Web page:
A photograph taken by the Russian embassy in North Korea shows Chinese-made trucks for sale at the Pyongyang Spring International Trade Fair, despite UN sanctions prohibiting the sale or transfer of vehicles to the DPRK.
UN Resolution 2397, passed in December last year, prevents member states from sending vehicles to North Korea, banning all trade codes which include cars, trucks, motorbikes, and trains.
“All Member States shall prohibit the direct or indirect supply, sale or transfer to the DPRK … of all … transportation vehicles (HS codes 86 through 89),” paragraph seven of the resolution reads.
The ban is part of a wider prohibition on nearly all types of machinery and industrial equipment and includes no exceptions other than allowing the export of spare parts for the DPRK’s fleet of commercial airliners.
The image taken by the Russian embassy in Pyongyang and posted on their Facebook page shows three trucks bearing the brand name “Foton”, a Chinese company vehicle and machinery manufacturer headquartered in Beijing.
But Foton is itself a subsidiary of the BAIC Group, otherwise known as Beijing Automotive Industry Holding Company, a state-owned automaker also operating out of the Chinese capital.
BAIC is one of the largest car companies and China and in addition to commercial trucks and jeeps also manufacturers, planes, UAVs and military vehicles.
At the time of writing neither Foton or BAIC had not responded to requests for comment on why their vehicles were present at the Spring Trade Fair in Pyongyang.
The three trucks are also next to two large jeeps, though they do not appear to have a clearly visible logo, making their origin difficult to ascertain.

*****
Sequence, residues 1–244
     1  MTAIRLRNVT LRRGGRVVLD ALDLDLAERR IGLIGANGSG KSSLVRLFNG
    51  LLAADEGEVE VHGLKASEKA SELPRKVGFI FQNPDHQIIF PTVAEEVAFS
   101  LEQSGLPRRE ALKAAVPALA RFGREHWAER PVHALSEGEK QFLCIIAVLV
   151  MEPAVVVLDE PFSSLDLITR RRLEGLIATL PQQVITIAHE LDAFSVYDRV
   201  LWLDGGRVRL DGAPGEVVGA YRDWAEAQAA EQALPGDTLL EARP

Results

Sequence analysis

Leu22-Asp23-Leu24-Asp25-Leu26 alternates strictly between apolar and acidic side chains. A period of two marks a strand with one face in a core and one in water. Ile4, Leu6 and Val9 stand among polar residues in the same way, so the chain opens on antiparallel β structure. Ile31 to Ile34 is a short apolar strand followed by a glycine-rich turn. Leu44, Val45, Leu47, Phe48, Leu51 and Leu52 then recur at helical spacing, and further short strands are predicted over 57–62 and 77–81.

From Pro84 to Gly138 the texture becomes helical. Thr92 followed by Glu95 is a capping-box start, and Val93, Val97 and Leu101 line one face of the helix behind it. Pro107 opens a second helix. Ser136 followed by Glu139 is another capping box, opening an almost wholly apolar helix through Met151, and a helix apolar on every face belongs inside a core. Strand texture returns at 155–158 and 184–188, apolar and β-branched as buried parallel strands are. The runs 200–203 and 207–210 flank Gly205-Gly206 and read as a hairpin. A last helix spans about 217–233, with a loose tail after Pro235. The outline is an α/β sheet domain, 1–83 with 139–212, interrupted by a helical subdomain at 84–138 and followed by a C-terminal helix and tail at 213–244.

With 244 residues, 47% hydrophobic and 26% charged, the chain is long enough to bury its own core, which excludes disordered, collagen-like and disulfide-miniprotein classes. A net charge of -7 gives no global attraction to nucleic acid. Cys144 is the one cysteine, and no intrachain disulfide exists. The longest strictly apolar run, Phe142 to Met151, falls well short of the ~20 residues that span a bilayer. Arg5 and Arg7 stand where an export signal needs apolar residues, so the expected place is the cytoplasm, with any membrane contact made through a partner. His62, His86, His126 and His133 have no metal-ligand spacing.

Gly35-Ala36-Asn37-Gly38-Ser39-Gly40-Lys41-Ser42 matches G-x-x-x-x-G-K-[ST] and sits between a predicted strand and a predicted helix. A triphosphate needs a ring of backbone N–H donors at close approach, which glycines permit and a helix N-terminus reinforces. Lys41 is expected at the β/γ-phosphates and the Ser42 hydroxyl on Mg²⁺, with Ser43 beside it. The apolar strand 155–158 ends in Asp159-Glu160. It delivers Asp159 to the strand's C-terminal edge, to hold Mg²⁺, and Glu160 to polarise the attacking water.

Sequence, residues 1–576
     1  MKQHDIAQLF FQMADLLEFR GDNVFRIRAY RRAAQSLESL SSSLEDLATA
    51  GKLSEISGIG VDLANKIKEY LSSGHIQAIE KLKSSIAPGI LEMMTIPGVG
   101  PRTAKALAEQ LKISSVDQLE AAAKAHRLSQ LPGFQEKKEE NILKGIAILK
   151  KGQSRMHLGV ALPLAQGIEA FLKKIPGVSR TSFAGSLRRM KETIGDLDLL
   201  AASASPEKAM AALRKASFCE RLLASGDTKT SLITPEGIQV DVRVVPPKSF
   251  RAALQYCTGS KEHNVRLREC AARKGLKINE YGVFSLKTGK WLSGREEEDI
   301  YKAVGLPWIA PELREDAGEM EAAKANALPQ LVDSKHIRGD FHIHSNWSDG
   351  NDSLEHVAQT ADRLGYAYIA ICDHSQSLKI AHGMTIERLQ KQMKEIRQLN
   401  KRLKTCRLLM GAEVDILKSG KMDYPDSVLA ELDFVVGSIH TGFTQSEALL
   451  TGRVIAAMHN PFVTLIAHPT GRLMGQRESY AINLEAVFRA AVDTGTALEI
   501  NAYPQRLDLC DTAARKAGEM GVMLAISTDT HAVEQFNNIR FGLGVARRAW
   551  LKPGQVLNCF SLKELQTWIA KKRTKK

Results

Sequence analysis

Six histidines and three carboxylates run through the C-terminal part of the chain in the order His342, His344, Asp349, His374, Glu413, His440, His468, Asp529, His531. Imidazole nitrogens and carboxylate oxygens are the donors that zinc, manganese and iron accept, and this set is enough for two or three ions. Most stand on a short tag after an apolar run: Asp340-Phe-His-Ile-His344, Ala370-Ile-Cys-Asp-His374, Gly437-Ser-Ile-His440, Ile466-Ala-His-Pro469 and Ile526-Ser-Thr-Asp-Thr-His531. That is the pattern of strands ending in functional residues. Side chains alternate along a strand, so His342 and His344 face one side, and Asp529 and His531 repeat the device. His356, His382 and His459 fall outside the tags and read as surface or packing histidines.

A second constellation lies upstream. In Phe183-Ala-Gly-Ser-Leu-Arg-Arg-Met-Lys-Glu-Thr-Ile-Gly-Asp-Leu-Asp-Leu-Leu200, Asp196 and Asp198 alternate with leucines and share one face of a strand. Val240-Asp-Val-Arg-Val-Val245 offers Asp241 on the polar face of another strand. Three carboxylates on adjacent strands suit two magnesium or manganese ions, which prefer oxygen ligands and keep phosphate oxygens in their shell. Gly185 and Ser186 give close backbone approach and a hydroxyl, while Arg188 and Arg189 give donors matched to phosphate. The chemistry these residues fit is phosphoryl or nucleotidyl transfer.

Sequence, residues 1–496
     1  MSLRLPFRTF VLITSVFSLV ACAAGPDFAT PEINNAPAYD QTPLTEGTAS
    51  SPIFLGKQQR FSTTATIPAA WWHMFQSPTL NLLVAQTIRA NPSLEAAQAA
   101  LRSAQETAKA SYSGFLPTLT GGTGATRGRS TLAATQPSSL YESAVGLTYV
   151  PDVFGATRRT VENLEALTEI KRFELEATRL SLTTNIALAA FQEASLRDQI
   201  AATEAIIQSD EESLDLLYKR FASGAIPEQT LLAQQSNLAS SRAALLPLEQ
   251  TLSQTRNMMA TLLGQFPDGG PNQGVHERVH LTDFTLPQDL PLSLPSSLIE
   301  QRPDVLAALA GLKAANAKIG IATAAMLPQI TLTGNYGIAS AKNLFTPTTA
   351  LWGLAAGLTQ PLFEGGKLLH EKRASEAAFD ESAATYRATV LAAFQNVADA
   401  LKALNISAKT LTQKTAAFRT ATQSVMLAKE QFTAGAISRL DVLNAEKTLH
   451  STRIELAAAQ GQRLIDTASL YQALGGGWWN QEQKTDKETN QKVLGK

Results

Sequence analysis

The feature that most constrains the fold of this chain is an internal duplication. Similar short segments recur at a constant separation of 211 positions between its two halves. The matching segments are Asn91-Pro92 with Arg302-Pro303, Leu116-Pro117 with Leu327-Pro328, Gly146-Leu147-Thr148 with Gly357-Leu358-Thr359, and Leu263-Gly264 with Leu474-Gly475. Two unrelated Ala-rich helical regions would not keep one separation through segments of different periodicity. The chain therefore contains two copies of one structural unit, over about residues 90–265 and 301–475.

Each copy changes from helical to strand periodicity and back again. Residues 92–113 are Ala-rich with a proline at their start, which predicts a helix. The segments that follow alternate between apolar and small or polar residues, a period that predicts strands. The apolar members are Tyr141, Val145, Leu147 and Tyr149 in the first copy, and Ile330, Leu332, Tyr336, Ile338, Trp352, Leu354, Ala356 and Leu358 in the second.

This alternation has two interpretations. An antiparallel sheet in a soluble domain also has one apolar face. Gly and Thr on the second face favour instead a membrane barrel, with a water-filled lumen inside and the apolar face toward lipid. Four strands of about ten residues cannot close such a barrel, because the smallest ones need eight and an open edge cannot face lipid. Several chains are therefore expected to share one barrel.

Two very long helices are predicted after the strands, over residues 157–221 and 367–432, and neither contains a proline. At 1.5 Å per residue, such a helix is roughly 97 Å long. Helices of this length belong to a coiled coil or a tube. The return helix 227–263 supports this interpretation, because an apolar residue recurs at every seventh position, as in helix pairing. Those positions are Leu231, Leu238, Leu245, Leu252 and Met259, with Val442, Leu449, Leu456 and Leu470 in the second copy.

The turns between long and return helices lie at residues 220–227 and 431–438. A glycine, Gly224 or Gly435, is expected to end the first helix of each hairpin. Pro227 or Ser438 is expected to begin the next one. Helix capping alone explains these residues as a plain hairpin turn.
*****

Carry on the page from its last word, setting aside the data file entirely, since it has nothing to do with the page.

Although China’s most recent trade statistics indicate that there are currently no vehicle shipments to North Korea, their presence at the expo suggests that China is still to open to trading sanctioned commodities with DPRK or is anticipating imminent sanctions relief.
The news comes as U.S. President Donald Trump on Monday said China had relaxed its sanctions enforcement at the border with North Korea.
In recent weeks Trump had praised Chinese leader Xi Jinping for not allowing sanctioned products into the DPRK, but appeared to reverse his position via social media.
“China must continue to be strong & tight on the Border of North Korea until a deal is made,” the U.S. President said.
“The word is that recently the Border has become much more porous and more has been filtering in. I want this to happen, and North Korea to be VERY successful, but only after signing!”
Another photograph posted by the Russian embassy also shows motorized scooters for sale, another type of vehicle covered by the UN’s prohibition.
The bikes are positioned in front of a stall run by a Thai company called Thailand KK Universal, though it’s unclear from the images if they are marketing the vehicles.
Edited by Oliver Hotham
Featured image: Russian Embassy to the DPRK